The Rohingya in Myanmar are facing a “textbook example of ethnic cleansing”, the United Nations commissioner for human rights said on Monday in UN's toughest indictment yet of a military crackdown in Rakhine state that has forced hundreds of thousands of the Muslim community to flee into Bangladesh.
“We have received multiple reports and satellite imagery of security forces and local militia burning Rohingya villages, and consistent accounts of extrajudicial killings, including shooting fleeing civilians,” Zeid Ra’ad Al Hussein told the UN Human Rights Council in Geneva.
He said restricted access to the area made it difficult to verify allegations but “the situation seems a textbook example of ethnic cleansing”.
The military's operation in northern Rakhine was launched in response to series of attacks on security posts by the Arakan Rohingya Salvation Army (Arsa) on August 25. Rohingya who have fled the area report widespread burning of their homes, looting and killing of civilians.
So far 313,000 have taken refuge in Bangladesh, according to the latest reports, and tens of thousands of others are believed to be on their way Prior to the attacks there were just over one million of the Rohingya in Myanmar.
Mr Al Hussein raised concerns over reports that Myanmar authorities had begun to lay landmines along the border with Bangladesh and would require Rohingya seeking to return to provide “proof of citizenship”.
The minority community is largely denied citizenship by Myanmar, whose authorities consider them illegal immigrants from Bangladesh.
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The Myanmar government said it was treating the Arsa assaults as a “terrorist” incident and denies that its troops are targeting civilians. It claims the Rohingya are burning their own properties.
However Mr Al Hussein condemned the security operation, saying it was disproportionate to the insurgent attacks last month in which 12 security personnel and one immigration official were killed.
“I call on the government to end its current cruel military operation, with accountability for all violations that have occurred, and to reverse the pattern of severe and widespread discrimination against the Rohingya population,” he said.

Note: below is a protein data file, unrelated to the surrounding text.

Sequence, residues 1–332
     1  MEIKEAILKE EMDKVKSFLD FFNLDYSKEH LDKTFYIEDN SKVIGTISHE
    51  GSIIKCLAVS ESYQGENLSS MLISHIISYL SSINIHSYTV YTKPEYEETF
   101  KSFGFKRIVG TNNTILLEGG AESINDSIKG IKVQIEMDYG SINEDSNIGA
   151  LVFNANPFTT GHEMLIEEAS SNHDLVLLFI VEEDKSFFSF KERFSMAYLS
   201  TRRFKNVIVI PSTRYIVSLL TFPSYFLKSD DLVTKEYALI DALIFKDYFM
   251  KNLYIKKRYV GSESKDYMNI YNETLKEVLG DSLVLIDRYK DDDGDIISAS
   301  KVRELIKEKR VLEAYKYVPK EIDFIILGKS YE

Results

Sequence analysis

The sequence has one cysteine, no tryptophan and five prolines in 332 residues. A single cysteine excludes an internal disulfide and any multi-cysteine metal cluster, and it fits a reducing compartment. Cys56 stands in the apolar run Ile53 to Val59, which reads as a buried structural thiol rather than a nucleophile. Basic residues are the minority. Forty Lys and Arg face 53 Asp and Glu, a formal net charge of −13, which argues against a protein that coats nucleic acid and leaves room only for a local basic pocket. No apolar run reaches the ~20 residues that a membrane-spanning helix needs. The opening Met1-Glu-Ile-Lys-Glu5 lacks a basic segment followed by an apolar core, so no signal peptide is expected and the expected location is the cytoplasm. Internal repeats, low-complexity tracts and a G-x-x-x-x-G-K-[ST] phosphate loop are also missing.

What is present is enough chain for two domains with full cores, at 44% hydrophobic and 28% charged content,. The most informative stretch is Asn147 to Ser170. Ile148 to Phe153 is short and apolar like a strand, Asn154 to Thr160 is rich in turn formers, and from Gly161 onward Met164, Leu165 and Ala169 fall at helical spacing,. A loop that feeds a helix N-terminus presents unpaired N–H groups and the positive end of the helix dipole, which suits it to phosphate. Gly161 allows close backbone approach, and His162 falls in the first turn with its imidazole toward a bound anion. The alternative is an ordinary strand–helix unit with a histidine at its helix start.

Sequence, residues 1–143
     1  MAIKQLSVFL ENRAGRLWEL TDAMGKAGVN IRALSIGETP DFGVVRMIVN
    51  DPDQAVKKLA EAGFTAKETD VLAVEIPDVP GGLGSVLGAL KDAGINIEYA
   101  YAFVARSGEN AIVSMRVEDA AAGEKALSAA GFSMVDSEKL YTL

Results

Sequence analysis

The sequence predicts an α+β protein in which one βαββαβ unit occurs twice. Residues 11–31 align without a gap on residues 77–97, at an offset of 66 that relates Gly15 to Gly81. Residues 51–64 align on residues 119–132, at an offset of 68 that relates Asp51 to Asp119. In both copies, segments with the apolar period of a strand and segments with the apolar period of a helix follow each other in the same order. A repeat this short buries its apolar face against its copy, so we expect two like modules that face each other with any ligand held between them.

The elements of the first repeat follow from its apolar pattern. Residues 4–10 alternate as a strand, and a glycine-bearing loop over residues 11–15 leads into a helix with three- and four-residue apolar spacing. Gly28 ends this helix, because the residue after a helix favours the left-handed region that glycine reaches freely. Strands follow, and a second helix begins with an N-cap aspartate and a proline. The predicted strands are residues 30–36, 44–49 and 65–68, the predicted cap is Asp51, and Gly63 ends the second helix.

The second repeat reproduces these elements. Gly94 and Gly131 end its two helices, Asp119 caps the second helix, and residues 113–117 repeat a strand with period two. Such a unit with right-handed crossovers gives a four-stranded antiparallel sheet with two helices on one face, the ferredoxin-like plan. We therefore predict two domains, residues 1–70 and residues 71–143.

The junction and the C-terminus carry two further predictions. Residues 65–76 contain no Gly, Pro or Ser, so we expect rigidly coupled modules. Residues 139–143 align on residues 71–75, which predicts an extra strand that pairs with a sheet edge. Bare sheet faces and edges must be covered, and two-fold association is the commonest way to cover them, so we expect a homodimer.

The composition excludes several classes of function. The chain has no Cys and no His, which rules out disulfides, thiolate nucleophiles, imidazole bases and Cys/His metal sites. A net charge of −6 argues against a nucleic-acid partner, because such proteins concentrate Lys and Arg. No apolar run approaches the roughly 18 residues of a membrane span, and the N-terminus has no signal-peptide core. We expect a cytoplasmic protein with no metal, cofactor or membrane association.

The UN's top rights official has previously suggested that reprisals following a similar set of attacks by Arsa last October likely amounted to crimes against humanity.
But the scale of the recent exodus and extent of the burnings vastly exceed those of last year.
On Sunday, Bangladesh's foreign minister said what was occurring amounted to genocide.
"The international community is saying it is a genocide. We also say it is a genocide," A H Mahmood Ali said after briefing diplomats in Dhaka.
Two diplomats at the meeting told Agence France-Presse the minister had said as many as 3,000 people may have been killed in the latest round of violence.
The wider international community is however unlikely to recognise what is occurring as genocide as to do so would be seen as placing an obligation on other nations to intervene.
But Myanmar is facing increasing international condemnation for what is occurring.
Muhammad Yunus speaks out on the Rohingya
On Friday the Dalai Lama joined the growing list of Nobel laureates to voice their concern. "Those people who are sort of harassing some Muslims, they should remember Buddha," the Tibetan spiritual leader said when asked about the crisis.
"He would definitely give help to those poor Muslims. So still I feel that. So very sad."
And while international attention has focused on the violence and Rohingya fleeing the country, rights groups have also raised concerns about the impact of the Myanmar authorities' refusal to allow aid groups access to those who remain in Rakhine, where many were already on the brink of starvation before the latest violence.
International aid activities in much of Rakhine state have been suspended, leaving approximately 250,000 people without food, medical care and other vital humanitarian assistance.
The UN Office for the Coordination of Humanitarian Affairs in Myanmar said that even before the recent violence, food security indicators and child malnutrition rates in Maungdaw township were already above emergency thresholds.
"The humanitarian catastrophe that Burma's security forces have created in Rakhine state has been multiplied by the authorities' unwillingness to provide access to humanitarian agencies," said Philippe Bolopion, deputy director for global advocacy at Human Rights Watch in a statement on Monday.
“The United Nations, Asean, and the Organisation of Islamic Co-operation need to ramp up the pressure on Burma and provide more assistance to Bangladesh to promptly help Rohingya and other displaced people.”
On Sunday Arsa said it was declaring a “temporary cessation of offensive military operations” in northern Rakhine for one month – until October 9 - “in order to allow humanitarian actors to access and respond to the humanitarian crisis” there.